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Big Brother is still watching you and he goes by the name Facebook | John Naughton

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The security guru Bruce Schneier once famously observed that “surveillance is the business model of the internet”. Like all striking generalisations it was slightly too general: it was strictly true only if by “the internet” you meant the services of a certain number of giant tech companies, notably those of Facebook (including WhatsApp and Instagram), Google (including YouTube), Twitter and Amazon.

The trouble is (and this is what gave Schneier’s aphorism its force) that for a large chunk of networked humanity, especially inhabitants of poorer countries, these walled gardens are indeed what people regard as “the internet”. And that’s no accident. Although Chinese smartphones are pretty cheap everywhere, mobile data tends to be prohibitively expensive in poor countries. So the deal offered by western tech companies is that data charges are low or zero if you access the internet via their apps, but expensive if you venture outside their walled gardens.

Of all the companies, Facebook was the one that first appreciated the potential of this strategy. It offered a way of signing up a billion new users in hitherto underserved parts of the world, thereby reducing the digital divide between the global north and the south. This meant that it could be spun as a philanthropic initiative, initially badged as internet.org and then as Free Basics. The app gave users access to a small selection of websites and services that were stripped of photos and videos and could thus be browsed without paying for mobile data. The rationale was that Free Basics would provide a taster of the internet, which would let people see the value of being connected. Conveniently, though, it also made Facebook the gateway to the internet for these new users. It was the default setting, as it were, in an online world where most people never change defaults and so functioned as a gateway drug for online addiction.

Rather to Facebook’s surprise, Free Basics was not universally welcomed in some of its target territories. The most vocal opposition came in India, the most important market outside of the west, where ungrateful critics perceived it an example of “digital colonialism” and it was eventually blocked by the country’s telecoms regulator on the grounds that it violated the principle of net neutrality by explicitly favouring some kinds of online content while effectively blocking others. Beyond India, however, Free Basics seems to be thriving, being used by “up to 100 million” people in 65 countries, including 28 in Africa.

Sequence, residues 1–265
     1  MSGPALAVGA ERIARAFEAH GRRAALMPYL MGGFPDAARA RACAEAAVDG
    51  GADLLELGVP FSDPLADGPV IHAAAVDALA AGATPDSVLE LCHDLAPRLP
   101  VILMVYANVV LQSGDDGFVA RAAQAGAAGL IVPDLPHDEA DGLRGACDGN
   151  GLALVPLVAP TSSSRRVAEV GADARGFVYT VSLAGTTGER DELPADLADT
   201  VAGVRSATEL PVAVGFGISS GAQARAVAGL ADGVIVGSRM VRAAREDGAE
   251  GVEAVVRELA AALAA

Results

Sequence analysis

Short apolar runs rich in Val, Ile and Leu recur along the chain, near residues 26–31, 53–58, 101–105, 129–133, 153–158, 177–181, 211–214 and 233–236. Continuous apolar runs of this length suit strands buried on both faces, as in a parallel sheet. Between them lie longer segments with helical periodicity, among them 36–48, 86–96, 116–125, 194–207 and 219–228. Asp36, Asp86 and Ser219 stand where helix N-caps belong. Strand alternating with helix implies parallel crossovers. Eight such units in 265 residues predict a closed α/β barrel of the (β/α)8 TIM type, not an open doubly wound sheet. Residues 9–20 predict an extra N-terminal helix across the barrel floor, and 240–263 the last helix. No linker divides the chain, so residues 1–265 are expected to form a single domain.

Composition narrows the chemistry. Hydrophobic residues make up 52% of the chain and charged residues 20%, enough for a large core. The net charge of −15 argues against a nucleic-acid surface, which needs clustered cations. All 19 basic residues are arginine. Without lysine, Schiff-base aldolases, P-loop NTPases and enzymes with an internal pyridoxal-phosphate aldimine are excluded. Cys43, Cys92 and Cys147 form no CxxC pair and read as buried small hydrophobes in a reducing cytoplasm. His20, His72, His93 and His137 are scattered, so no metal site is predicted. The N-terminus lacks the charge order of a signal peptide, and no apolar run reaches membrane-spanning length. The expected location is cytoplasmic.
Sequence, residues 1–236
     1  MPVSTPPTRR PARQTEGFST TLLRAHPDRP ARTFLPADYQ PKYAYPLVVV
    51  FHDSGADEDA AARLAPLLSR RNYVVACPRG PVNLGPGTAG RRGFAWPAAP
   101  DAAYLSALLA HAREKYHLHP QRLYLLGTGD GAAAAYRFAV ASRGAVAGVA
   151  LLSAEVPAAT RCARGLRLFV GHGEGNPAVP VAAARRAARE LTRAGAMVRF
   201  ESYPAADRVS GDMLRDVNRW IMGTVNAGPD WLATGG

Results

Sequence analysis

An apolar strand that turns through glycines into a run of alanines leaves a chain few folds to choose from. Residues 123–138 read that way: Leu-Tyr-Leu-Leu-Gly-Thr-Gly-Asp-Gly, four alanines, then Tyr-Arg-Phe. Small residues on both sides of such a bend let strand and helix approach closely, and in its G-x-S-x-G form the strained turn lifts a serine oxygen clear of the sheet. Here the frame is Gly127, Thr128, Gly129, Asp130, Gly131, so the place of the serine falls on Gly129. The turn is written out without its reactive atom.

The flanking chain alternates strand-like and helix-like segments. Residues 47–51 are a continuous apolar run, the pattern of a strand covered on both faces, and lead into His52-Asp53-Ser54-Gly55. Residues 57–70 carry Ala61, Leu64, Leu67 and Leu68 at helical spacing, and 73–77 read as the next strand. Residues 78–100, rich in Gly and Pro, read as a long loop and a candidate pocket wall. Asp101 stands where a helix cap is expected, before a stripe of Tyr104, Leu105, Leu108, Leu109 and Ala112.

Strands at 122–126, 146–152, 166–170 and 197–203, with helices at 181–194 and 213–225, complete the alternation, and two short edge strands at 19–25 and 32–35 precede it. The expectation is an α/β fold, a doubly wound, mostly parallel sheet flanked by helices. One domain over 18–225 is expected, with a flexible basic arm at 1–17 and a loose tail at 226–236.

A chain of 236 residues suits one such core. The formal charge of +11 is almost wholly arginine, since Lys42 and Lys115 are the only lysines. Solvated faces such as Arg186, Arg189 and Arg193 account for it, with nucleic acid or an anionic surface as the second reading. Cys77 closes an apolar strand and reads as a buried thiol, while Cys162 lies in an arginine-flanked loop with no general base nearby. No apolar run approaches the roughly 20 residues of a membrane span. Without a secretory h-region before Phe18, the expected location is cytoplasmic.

Last May, Facebook launched a kind of Free Basics 2.0 called Discover. It’s a mobile app that can be used to browse any website using a daily balance of free data from participating mobile network partners. Effectively, it strips out all website content that’s data-intensive (images, video, audio) and displays a pared-down version of the site. “We’re exploring ways to help people stay on the internet more consistently,” explains the Facebook blurb. “Many internet users around the world remain under-connected, regularly dropping off the internet for some period of time when they exhaust their data balance. Discover is designed to help bridge these gaps and keep people connected until they can purchase data again.”

Sounds good, eh? But a recent study by researchers at the University of California, Irvine, on how Discover works in the Philippines (where it has replaced Free Basics) found that not all websites seemed to be stripped for onward viewing. When accessing Facebook through Discover, for example, it wasn’t stripped much – just 4% of images were removed from Instagram, compared with more than 65% of images on other popular sites such as YouTube and e-commerce platform Shopee. The inference was that Discover rendered Facebook’s own services far more functional than those of its competitors. Charged with this, the company blamed a “technical error” that had since been resolved.

Maybe it has, but it might not be wise to trust what Facebook has to say on questions such as this. It’s not that long ago, for example, that it offered its users Onavo Protect, a free virtual private network (VPN) app that would protect their privacy. The company is now being sued by Australia’s competition and consumer commission (ACCC) for using Onavo to allegedly spy on users. “Through Onavo Protect,” said the regulator, “Facebook was collecting and using the very detailed and valuable personal activity data of thousands of Australian consumers for its own commercial purposes, which we believe is completely contrary to the promise of protection, secrecy and privacy that was central to Facebook’s promotion of this app.” Facebook responded that it was “always clear about the information we collect and how it is used”, that it had cooperated with the ACCC’s investigation and that it “will continue to defend” its position in response to the regulator’s filing.

You get the point? Maybe surveillance isn’t the only business model of the internet. Hypocrisy runs it a close second.

What I’ve been reading